FOR IMMEDIATE RELEASE
OTTAWA - Individuals and organizations from across Ottawa are speaking out in opposition to the police force’s (OPS) ask for yet another budget increase in 2023 and are calling for a freeze.
Despite ongoing community-wide calls for defunding the police and investing in alternatives that better address safety and well-being priorities like homelessness, mental health, and gender-based violence, Chief Eric Stubbs wants to increase his already bloated budget by $15.2 million, bringing the total operating budget to $401.2 million. In addition, OPS tabled a $60 million capital budget, triple from what they received in the 2022 city budget, of which $40 million is slated for the controversial South Facility. These two budget requests put residents of Ottawa at even greater risk of harm, as this money will be used to expand policing and surveillance in our neighbourhoods.
As the Ottawa Police Services Board (OPSB) deliberates over this budget, we must remember recent attempts to stifle participation at their monthly board meetings. Proposed changes to the Board’s bylaws include: limiting public delegations to one hour per month; holding the public delegation portion of the meeting separate from the full Board meeting at a time that is inconvenient for many; punishing residents who regularly speak at Board meetings by preventing them from attending consecutive meetings; and preventing residents from asking questions during their five- or three-minute delegations.
Mayor Sutcliffe, one of the members of the OPSB committee responsible for drafting these proposed changes, claims that there are other ways to engage with the Board. As a new Board member, Sutcliffe seems completely unaware of the importance of showing up in this space, as it is more accessible to people than private meetings with the mayor. “Public delegations at the OPSB have helped centre much-needed discussion about reallocating police resources towards meaningful social supports,” says Samantha McAleese, adjunct research professor at Carleton and member of the Coalition Against More Surveillance (CAMS). “The City of Ottawa would never have considered a non-police alternative to mental health calls without the hundreds of people who came out to delegate to the OPSB over those last three years,” adds Farnaz Farhang, another member of CAMS.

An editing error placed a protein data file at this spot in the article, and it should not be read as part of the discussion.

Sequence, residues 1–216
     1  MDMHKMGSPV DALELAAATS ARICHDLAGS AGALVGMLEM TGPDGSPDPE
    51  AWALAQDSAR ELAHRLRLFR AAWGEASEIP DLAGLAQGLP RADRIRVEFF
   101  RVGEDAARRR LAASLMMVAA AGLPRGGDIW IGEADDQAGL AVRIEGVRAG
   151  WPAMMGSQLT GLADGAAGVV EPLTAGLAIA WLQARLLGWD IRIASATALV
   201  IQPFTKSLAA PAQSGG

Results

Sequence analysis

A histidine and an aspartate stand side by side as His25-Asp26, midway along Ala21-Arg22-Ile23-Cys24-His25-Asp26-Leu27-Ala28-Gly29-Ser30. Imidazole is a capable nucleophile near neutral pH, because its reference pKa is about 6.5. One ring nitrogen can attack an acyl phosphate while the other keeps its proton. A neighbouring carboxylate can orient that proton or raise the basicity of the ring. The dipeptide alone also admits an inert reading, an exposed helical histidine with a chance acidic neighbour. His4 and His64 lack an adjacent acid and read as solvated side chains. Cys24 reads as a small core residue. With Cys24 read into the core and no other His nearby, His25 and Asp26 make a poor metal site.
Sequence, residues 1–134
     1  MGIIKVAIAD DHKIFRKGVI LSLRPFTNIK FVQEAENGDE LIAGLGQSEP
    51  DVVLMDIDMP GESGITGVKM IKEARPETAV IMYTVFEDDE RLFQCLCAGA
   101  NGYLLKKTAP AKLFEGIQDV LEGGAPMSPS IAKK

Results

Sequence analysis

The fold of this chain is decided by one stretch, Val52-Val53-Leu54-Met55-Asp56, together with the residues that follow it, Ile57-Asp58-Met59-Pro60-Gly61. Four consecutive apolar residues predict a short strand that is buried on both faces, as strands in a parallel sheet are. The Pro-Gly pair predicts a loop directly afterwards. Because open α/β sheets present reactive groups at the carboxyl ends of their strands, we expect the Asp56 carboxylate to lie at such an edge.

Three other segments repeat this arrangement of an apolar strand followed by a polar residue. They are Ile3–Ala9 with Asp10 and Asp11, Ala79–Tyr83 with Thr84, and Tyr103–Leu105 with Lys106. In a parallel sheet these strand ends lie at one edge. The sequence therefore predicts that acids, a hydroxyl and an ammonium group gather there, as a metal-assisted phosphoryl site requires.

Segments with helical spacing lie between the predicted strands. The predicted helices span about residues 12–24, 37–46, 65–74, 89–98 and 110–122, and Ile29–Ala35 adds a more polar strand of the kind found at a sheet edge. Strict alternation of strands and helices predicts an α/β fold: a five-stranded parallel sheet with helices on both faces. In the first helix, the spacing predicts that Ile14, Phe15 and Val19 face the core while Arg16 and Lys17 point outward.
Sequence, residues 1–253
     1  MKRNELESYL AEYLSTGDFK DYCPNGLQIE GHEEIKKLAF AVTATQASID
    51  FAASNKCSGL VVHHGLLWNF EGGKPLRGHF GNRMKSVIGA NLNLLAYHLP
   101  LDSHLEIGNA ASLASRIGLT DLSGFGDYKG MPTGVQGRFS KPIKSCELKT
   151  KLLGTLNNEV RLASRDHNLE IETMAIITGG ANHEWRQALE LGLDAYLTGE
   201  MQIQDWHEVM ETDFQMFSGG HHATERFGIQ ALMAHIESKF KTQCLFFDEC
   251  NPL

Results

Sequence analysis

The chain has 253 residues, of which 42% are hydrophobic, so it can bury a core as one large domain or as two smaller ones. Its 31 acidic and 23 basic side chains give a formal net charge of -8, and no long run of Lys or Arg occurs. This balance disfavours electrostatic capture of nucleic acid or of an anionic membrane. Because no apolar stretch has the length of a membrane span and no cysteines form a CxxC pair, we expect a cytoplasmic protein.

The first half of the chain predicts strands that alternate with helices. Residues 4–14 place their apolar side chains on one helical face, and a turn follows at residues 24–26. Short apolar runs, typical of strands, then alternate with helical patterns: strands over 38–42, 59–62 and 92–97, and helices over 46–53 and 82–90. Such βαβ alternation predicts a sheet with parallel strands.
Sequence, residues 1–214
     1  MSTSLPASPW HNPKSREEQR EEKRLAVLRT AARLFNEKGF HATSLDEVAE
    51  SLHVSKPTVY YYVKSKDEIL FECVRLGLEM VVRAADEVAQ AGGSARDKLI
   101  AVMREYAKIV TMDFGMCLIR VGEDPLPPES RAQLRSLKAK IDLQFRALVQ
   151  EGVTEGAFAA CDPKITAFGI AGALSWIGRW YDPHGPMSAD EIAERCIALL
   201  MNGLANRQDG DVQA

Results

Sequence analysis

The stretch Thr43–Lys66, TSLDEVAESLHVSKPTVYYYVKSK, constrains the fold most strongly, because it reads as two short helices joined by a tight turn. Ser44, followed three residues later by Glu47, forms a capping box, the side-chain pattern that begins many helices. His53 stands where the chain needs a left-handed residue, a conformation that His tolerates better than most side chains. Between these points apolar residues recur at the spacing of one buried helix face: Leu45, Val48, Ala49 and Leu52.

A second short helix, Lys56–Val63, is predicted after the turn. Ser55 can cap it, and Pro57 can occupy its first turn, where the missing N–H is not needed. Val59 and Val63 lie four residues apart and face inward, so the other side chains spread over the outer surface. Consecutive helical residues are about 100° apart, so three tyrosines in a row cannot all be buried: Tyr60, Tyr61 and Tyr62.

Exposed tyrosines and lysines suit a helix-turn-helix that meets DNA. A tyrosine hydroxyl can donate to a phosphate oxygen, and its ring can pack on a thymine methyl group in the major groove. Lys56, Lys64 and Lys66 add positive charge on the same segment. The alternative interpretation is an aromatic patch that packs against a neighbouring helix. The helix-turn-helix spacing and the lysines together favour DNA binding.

Deterring residents from showing up and speaking out at police service’s board meetings is just one tactic used by the Board and the force to avoid accountability. Last week, in an effort to erase their own historical and ongoing violence, the police released a statement about the murder of Tyre Nichols by cops in Memphis, Tennessee. “While police forces across Canada attempt to do preemptive damage control through their empty public statements, they ignore their complicity in the same death-making institutions that kill and harm so many beloved members of our communities” states Robin Browne from 613/819 Black Hub. "Statements like this mean nothing if cops continue to ask for more money to target, harass, harm, and criminalize Black, Indigenous, and racialized people."
This statement came one year after Ottawa’s police force used its social media account to welcome convoy organizers into the downtown core with friendly visuals that included transport trucks. “We can't forget that Ottawa police enabled and facilitated the occupation of the downtown core last year and have yet to take accountability for their role in these events," said Sam Hersh, a Board Member of Horizon Ottawa.
Overall, the City of Ottawa’s proposed budget for 2023 is not a budget that will improve community safety and well-being. Megan Linton from the Disability Justice Network of Ontario emphasizes that “this is a budget that will contribute to the ongoing harm, disablement, and deaths of our neighbours, community members, and those isolated from community support.”
We encourage residents across Ottawa to look closely at the budget documents, engage in the consultation processes, and communicate to city councillors that they need to do better as we continue to navigate a housing and cost-of-living crisis. Reading last year’s alternative municipal budget, prepared by the Ottawa Coalition for a People’s Budget, is an excellent place to start. We call on the OPSB to freeze the OPS budget and instead work with the City of Ottawa to invest in creating capacity for non-police alternatives and social services.
This statement is supported by:
613/819 Black Hub
Climate Justice Ottawa
Coalition Against More Surveillance
Disability Justice Network of Ontario
The Criminalization and Education Project
Ottawa Coalition for a People’s Budget
Punch up Collective
Ottawa Coalition to End Violence Against Women (OCTEVAW)
Solidarity Alliance of People Who Use Drugs
For Media Inquiries:
Coalition Against More Surveillance